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WASHINGTON – Stalemate in Libya is giving way to building rebel pressure against the regime of Muammar Qaddafi, according to new U.S. intelligence reports, U.S. officials tell The Associated Press.
While the battle is far from won, the officials point to three key indicators: dwindling fuel supplies, a cash crisis and reports of low morale among regime troops.
The assessment comes as French authorities describe overtures from Libyan emissaries reportedly seeking sanctuary for the Libyan leader, who has survived sustained bombing by NATO war planes and U.S. armed drones since mid-March.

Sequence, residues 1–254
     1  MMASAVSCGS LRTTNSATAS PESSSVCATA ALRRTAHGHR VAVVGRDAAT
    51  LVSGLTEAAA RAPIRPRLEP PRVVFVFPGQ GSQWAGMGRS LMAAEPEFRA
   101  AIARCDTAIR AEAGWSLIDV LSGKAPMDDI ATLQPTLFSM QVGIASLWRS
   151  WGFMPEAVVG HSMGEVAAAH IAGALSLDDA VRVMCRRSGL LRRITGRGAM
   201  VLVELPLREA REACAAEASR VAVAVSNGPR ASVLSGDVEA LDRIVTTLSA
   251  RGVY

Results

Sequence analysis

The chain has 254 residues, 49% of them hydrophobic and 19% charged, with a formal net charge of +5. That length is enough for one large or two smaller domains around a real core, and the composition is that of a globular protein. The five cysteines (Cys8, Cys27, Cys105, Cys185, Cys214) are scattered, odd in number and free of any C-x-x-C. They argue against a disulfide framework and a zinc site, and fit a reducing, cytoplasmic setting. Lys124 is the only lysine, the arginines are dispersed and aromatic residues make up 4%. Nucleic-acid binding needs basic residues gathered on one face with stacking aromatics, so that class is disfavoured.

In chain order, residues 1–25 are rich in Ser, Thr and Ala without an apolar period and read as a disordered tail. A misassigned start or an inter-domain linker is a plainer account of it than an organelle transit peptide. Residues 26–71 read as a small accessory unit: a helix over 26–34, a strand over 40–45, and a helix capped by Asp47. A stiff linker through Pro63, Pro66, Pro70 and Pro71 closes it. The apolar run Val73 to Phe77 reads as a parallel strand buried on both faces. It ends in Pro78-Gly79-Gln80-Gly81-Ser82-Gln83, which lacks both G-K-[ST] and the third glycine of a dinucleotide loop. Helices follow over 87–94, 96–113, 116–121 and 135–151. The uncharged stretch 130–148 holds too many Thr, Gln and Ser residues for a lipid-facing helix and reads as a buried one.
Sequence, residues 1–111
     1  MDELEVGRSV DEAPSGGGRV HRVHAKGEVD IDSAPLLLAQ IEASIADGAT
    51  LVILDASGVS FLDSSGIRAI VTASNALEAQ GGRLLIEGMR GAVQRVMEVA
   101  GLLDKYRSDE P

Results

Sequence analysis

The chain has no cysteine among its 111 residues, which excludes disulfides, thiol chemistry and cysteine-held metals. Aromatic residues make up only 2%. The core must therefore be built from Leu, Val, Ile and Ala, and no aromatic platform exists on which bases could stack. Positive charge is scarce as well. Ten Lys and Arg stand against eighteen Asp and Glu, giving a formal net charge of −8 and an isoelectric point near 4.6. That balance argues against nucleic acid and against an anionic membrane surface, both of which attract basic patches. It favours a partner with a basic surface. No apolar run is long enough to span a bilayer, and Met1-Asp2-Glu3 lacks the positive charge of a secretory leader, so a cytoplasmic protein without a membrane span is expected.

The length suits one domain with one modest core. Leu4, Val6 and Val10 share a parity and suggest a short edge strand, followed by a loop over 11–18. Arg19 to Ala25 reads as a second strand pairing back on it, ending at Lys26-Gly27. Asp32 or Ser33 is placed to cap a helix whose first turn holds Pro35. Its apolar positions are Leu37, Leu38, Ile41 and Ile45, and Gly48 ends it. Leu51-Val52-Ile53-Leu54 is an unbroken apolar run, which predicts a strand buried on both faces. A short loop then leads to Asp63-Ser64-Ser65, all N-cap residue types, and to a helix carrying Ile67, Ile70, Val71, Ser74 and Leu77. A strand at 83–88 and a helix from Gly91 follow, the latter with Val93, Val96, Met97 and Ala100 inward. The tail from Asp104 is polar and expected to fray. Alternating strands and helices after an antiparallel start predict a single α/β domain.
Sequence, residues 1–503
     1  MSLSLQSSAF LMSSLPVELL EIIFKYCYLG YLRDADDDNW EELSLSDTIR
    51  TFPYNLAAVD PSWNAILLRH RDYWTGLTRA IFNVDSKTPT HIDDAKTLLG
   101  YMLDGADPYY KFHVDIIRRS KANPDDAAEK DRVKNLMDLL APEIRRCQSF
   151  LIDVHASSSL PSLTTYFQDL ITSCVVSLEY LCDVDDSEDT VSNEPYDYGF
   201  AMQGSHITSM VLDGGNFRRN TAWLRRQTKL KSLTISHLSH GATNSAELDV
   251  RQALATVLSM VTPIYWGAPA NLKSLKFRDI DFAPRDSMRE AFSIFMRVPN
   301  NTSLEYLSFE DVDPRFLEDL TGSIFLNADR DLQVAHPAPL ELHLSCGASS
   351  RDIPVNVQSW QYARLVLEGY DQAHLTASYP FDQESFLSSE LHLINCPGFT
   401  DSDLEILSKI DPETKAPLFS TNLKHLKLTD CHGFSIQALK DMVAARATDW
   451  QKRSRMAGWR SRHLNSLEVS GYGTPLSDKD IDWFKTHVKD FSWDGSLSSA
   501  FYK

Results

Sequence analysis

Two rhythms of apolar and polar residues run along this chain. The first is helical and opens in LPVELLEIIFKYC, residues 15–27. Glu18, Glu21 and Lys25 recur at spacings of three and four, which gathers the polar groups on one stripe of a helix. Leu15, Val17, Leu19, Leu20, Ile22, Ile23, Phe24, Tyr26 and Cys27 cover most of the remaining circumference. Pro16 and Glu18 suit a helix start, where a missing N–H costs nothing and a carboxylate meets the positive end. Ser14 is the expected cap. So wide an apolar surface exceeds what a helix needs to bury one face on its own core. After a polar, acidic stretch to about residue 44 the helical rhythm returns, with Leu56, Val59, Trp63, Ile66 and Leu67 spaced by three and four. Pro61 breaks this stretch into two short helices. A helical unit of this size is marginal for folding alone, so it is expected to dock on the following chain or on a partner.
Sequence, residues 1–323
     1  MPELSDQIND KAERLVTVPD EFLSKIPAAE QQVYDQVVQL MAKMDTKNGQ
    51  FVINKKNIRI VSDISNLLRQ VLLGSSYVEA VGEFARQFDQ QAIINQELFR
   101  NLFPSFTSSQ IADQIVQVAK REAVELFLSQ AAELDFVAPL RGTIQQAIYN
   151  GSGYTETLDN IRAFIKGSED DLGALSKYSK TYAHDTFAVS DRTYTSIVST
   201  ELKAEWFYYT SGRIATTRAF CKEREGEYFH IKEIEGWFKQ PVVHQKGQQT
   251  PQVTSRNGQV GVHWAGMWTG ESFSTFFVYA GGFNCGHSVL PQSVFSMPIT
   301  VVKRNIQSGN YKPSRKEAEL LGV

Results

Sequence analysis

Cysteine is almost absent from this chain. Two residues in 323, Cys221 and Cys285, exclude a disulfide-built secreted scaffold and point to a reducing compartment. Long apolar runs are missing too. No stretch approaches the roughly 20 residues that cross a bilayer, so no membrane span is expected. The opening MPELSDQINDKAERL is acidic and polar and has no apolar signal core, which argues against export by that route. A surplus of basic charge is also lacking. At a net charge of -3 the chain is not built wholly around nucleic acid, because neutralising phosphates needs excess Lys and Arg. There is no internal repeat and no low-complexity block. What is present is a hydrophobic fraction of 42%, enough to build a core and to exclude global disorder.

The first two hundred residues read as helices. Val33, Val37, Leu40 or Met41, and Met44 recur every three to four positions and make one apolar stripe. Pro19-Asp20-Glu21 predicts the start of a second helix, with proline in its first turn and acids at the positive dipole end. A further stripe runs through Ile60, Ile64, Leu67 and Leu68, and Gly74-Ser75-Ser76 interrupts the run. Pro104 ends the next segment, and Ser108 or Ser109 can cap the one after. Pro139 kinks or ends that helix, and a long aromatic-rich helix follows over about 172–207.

While the rebels face their own supply problems, they have captured towns from Nalut to Kikla in Libya’s western Nafusa mountains and cut a key crude oil pipeline that feeds one of the regime’s major refineries in the town of al-Zawiya, the U.S. officials told the AP. They cited U.S. intelligence estimates that fuel shortages could occur within as little as a month.
Qaddafi is also facing a cash crisis after Turkey cut off his access, on July 4, to hundreds of millions in Libyan funds held in a Turkish-Libyan bank, the U.S. officials said. They spoke on condition of anonymity to discuss matters of intelligence.
While the Libyan strongman could not access actual cash, he had been issuing letters of credit to pay his debtors, including fuel importers, the U.S. officials said.